Jun 27, 2007
    I am a little dissapointed that someone doesn't understand the value of OS X, multi-touch trackpad, magsafe, etc. :rolleyes:
  4. r0k thread starter macrumors 68040


    Mar 3, 2008
    Even with my reading glasses? :eek: I find I can read most documents on the iPhone Retina display without zooming so I'm just saying...

    Yes I do understand. That is why our household runs all Apple gear with a few Linux exceptions. It's just that I really like more pixels when I can get them. I'm thinking that there are times Apple gear is ahead of the curve (usb and thunderbolt) and times Apple gear is a bit behind the curve (graphics resolution) so if I wait for next year's Macbook Pro refresh, 1080p might be the standard rather than the exception. I've been looking over the geekbench scores and Apple kicked some serious butt on cpu performance with these new machines. I see the beachball almost daily on my Macbook (rated around 2800 on geekbench) so despite my feelings about the displays, I'm tempted to upgrade just to banish that spinning little critter. Even on the lowest model, I'd be going up more than double in geekbench rating and even beat last year's 17 in MBP. Wheeee! :D
  5. ActionableMango macrumors G3


    Sep 21, 2010
    I have an HP laptop with a 1080p display. It was more than $1000 cheaper than a similar MacBook Pro. The HP started having problems on day 1. After a couple of months, the plastic case started warping near the hinges. HP provided a piece of cloth to place between the screen and the keyboard. If you travel without it, the keys actually hit and scratch the screen... I'm not kidding.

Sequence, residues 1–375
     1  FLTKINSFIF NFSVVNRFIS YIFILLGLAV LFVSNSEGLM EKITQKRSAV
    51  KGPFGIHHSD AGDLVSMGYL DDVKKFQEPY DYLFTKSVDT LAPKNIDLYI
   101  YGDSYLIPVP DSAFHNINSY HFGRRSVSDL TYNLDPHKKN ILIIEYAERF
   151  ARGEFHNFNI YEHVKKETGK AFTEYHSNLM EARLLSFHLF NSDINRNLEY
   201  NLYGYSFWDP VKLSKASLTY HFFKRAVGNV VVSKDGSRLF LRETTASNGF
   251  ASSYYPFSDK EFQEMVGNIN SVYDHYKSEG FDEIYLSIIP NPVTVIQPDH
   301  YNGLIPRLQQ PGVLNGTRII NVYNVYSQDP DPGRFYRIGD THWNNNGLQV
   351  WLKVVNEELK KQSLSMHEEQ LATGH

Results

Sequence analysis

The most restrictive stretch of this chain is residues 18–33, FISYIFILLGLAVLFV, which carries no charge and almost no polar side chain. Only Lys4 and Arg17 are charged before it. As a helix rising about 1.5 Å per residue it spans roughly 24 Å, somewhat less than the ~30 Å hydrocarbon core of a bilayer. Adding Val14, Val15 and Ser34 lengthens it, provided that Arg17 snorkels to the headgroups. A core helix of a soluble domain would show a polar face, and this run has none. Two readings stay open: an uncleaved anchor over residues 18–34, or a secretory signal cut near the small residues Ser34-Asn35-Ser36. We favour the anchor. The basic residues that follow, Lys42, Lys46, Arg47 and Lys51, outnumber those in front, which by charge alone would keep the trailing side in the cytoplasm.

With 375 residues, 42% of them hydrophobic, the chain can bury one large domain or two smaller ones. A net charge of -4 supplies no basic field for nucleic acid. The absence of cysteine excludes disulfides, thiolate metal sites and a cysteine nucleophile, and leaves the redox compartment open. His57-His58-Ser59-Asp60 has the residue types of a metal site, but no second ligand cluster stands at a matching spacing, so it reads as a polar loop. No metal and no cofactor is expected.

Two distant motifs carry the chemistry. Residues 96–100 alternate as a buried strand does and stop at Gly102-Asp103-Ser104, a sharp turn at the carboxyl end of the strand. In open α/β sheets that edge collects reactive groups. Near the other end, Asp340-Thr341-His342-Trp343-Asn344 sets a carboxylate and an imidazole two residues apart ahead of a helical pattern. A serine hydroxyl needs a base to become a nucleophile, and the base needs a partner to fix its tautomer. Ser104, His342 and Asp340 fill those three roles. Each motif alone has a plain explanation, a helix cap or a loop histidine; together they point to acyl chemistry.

Basically, the HP is a complete piece of garbage connected to a really nice display.

    SquareTrade, who provides extended warranties, gets more claims for HP laptops than any other brand. I wish I knew that before I bought it.
  6. Kenndac macrumors 6502


    Jun 28, 2003
    ...because the iPhone 4 has resolution independence and is rendering everything at twice the size. Take a screenshot of the iPhone (home + power at the same time) then transfer it to your Mac to see what I mean.

    Until Mac OS does this, very high resolution screens will be unusable.
  7. MrWillie macrumors 65816


    Apr 29, 2010
    Starlite Starbrite Trailer Court
    Did ya try calling their tech support ??? Hahahahahahahahahahahaha.... Sorry dude. I bet you never make that mistake again. With an Apple computer you just waltz into an Apple store. No calls to India.